SpaceX just made history by making the first full civilian space flight. Prior to this, a professional astronaut has accompanied all space flights.
But just because it’s a civilian crew doesn’t mean it’s for everybody just yet. The flight was funded and lead by Jared Isaacman, 38-year-old founder and CEO of Shift4 Payments. For his three day automated orbit around earth, he took Hayley Arceneaux, a physician assistant at St. Jude Children’s Research Hospital and pediatric cancer survivor, Chris Sembroski, U.S. Air Force veteran and aerospace data engineer, and geoscientist and licensed pilot Dr. Sian Proctor. The flight will raise awareness and funds for St. Jude Children’s Research Hospital.
After its 3 day cycle it will come splashing down in the Atlantic Ocean, off the coast of Florida.
With the help of Elon Musk’s SpaceX’s reusable Falcon 9 rockets, Jared Isaacman has achieved something fellow billionaires Richard Branson and Jeff Bezos couldn’t, go to space without looking like Uranus. The sentiments when these two figures scraped the edges of space were mixed. It was a flight for personal glory, as a PR stunt for their companies.
To top it all off, the media had to bust out charts and discuss where space even was, and whether they had even reached it. Bezos touched the edge at 351,210 feet getting four minutes of weightlessness. Branson reached 282,000 feet. By comparison Jared Isaacman is now on track for an orbiting height of 575km, higher than the International Space Station and Hubble Telescope.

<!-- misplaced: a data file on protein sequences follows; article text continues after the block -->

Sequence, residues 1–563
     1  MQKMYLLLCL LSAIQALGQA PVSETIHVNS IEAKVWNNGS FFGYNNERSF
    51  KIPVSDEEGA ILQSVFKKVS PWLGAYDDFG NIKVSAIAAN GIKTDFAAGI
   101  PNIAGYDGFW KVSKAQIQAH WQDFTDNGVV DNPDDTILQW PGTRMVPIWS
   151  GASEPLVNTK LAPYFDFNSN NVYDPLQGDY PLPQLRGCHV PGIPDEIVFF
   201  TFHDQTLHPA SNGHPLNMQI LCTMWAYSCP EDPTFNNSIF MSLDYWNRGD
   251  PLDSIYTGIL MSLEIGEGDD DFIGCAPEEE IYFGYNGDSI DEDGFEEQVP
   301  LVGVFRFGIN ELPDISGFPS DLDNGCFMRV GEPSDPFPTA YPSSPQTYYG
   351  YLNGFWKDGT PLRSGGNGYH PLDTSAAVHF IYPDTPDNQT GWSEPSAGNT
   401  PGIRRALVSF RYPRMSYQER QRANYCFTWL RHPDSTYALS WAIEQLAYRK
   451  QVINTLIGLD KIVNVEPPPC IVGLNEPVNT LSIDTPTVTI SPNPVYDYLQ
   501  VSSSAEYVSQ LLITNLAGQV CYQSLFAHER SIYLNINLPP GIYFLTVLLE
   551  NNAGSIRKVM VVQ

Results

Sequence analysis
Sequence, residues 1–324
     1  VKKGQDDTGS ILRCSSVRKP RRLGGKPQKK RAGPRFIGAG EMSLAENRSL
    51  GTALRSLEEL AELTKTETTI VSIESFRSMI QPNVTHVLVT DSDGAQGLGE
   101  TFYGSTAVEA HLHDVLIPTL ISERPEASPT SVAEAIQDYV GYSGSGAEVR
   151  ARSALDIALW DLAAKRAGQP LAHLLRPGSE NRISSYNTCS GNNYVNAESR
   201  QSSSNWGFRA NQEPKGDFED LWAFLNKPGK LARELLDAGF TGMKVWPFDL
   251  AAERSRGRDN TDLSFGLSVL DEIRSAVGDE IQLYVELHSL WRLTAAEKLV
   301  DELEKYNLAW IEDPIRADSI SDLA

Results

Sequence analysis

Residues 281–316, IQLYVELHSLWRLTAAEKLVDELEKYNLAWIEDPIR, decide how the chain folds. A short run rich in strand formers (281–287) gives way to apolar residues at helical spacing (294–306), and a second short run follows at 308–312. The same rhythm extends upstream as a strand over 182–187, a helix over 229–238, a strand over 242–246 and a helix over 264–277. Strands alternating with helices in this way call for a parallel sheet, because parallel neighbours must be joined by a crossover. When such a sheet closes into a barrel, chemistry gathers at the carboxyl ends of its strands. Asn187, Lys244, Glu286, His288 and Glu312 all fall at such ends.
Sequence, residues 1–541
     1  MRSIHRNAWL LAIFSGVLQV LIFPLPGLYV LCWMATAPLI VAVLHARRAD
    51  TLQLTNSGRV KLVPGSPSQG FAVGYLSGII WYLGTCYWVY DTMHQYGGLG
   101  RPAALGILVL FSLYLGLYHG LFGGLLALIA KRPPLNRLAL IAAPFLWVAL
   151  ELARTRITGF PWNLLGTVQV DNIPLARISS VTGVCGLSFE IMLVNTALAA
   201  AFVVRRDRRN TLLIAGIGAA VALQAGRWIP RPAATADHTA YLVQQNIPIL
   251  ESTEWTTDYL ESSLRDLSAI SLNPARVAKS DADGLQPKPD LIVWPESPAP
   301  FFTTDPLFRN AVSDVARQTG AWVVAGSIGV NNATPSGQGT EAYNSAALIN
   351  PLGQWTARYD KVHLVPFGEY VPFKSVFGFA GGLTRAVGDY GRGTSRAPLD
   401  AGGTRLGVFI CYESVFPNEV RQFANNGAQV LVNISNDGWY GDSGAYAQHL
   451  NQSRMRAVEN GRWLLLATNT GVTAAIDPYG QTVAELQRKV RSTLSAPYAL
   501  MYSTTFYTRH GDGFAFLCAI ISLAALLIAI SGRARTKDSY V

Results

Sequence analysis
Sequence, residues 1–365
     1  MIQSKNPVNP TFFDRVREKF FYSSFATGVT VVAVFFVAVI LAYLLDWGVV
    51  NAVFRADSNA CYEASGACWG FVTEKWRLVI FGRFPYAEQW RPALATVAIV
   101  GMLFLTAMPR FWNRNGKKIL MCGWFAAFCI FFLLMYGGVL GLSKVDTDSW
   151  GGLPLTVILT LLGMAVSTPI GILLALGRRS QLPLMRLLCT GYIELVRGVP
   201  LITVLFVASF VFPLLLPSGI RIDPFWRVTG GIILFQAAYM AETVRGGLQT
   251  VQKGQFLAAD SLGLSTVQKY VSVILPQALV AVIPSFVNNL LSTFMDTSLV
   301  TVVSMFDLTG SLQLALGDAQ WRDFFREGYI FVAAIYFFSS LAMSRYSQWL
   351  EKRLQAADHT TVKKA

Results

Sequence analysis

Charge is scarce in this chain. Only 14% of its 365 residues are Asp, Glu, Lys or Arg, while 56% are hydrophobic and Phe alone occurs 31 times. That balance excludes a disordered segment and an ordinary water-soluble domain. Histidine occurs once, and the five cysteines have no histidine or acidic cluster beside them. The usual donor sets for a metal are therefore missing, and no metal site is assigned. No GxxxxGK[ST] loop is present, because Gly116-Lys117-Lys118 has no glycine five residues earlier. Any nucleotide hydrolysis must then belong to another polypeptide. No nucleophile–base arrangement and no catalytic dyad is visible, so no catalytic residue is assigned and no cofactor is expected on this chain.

They’ve done this with perfect optics. Nobody is talking about eating the rich and they’re doing it for a good cause. Even their cargo space is being touted as being for the good of us all. “Crew Dragon’s 365lbs cargo capacity will be allocated for both crew essentials as well as scientific equipment dedicated to micro-gravity research and experimentation. Inspiration4 is committed to assigning the maximum possible mass towards this valuable research, providing access to space for inspiring projects that are otherwise unable to overcome the high barriers of traditional space-based research.”
Jared Isaacman has successfully navigated the optics of millionaires taking a jaunt to outer space. But when will average people be able to take the trip? Experts agree that we’re decades away from space flight being less than six figure sums. But considering it’s only been about 60 years since the first man in history entered outer space, I think us peasants can probably stand to wait a couple more years.